The U.S. House Oversight and Reform Committee is holding a hearing to review the findings of its investigation into drug industry pricing and business practices.

House Panel Holding What Might be Last Hearing of its Drug Pricing Investigation

The Democratic-led U.S. House Oversight and Reform Committee is holding a hearing this Thursday to review the findings of its nearly three-year investigation into drug industry pricing and business practices.

The Dec. 9 hearing starts at 10:30 a.m. Eastern. It’s unclear if the event means the investigation is over. Whether the committee plans to issue a final, capstone report is also unknown.

The announcement says the hearing “will examine findings from the investigation as well as the need for structural reforms to lower prescription drug prices, including President Biden’s Build Back Better Act, which would finally allow Medicare to negotiate for some of the most expensive drugs, prevent drug prices from rising faster than inflation, and place a cap on out-of-pocket costs for patients, including co-pay caps on insulin.”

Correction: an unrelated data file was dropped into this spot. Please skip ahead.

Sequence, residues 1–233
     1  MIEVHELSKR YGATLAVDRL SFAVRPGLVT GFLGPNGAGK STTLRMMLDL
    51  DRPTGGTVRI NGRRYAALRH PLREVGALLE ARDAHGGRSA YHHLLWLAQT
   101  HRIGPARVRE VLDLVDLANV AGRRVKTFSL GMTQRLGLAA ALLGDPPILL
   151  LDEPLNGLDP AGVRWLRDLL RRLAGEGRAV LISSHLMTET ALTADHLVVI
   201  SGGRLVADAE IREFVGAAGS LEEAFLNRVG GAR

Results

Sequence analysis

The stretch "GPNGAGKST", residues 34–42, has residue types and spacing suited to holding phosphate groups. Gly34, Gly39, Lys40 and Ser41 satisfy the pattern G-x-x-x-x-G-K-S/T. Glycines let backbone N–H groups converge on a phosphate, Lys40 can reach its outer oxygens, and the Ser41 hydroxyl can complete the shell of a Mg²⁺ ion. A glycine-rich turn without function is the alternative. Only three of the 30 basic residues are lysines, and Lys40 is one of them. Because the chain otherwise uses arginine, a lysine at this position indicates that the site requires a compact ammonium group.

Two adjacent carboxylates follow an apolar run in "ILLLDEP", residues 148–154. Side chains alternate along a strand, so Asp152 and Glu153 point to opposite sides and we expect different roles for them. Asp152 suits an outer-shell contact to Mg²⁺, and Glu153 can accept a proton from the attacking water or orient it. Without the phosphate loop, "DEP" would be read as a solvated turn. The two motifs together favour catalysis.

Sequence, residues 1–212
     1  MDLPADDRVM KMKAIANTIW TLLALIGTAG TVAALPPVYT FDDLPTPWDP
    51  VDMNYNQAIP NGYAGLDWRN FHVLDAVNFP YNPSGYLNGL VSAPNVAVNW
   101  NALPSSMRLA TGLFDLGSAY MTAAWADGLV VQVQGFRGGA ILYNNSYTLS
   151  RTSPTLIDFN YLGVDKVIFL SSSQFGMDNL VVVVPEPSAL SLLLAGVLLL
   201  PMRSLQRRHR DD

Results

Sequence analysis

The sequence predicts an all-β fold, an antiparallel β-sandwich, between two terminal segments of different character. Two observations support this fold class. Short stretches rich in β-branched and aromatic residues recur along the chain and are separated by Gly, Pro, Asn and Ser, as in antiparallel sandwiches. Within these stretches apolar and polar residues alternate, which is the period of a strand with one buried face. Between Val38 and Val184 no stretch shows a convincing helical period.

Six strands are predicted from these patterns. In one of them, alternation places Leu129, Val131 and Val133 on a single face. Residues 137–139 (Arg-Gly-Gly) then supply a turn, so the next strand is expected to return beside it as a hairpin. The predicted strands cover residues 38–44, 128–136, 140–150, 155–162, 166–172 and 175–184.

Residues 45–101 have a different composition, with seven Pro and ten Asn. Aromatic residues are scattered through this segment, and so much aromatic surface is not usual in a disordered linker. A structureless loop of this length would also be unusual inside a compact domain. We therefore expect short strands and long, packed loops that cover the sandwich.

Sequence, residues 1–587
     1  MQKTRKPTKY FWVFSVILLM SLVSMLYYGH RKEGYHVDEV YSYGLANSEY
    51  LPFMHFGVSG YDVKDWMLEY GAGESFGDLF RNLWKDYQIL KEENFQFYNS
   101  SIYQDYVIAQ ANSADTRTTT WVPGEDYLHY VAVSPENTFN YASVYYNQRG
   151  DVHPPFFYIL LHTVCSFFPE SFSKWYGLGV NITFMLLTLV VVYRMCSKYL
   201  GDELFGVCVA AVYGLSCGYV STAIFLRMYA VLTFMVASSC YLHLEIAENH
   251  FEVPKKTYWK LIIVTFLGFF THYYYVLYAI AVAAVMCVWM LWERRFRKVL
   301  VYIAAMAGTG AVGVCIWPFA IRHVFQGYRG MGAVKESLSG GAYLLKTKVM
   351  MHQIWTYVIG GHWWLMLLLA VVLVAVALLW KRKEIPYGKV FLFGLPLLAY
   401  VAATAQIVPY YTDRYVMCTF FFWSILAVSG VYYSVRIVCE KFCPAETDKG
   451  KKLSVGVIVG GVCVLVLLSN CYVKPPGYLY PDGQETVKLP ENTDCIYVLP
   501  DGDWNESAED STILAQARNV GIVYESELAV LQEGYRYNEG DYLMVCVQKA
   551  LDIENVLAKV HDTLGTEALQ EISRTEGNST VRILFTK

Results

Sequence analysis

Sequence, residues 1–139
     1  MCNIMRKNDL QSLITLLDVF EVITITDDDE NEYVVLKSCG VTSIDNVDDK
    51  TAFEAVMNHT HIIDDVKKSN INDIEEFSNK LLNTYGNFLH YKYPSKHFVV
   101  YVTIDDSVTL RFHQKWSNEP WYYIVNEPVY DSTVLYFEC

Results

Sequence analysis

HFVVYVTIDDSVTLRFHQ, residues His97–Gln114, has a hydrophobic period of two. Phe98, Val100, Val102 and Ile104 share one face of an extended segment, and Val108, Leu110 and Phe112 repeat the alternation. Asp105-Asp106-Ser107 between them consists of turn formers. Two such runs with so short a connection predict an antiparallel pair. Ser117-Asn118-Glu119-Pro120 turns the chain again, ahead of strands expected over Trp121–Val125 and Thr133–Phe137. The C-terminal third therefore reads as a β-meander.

The committee has released eight staff reports, including one on Celgene and Bristol Myers Squibb’s myeloma drug Revlimid, also the subject of a 340B Report six-part investigative series this year. Our series explored allegations by a former Celgene executive that the makers of Revlimid have not paid 340B pricing on nearly all sales since 2015, boosting profits by hundreds of millions of dollars per year.

The House committee also issued reports on the pricing and business practices of Amgen and Novartis—both of which have curtailed 340B pricing in sales involving contract pharmacies—plus those of AbbVie, Mallinckrodt, and Teva.

Although the committee’s investigation didn’t focus on the 340B program, it might come up during Thursday’s hearing.

Announced witnesses include Rena Conti of Boston University, who has written or co-written studies that raise questions about hospital participation in the drug discount program. More recently, Conti co-wrote a study that shows that more than 70 percent of U.S. spending on top-selling “partial orphan drugs”—drugs for rare diseases that also are approved to treat common diseases—is for non-orphan indications. Policymakers who “wish to decrease the rewards for repurposing a common disease drug to treat rare disease” might consider limiting the 340B discount exemption “to instances in which the drug is used for the rare disease for which it has orphan drug designation,” Conti and two other researchers said. David Mitchell, the president and founder of Patients for Affordable Drugs, also is slated to speak. Mitchell has questioned suggestions that restricting the 340B program will lead to lower drug prices.

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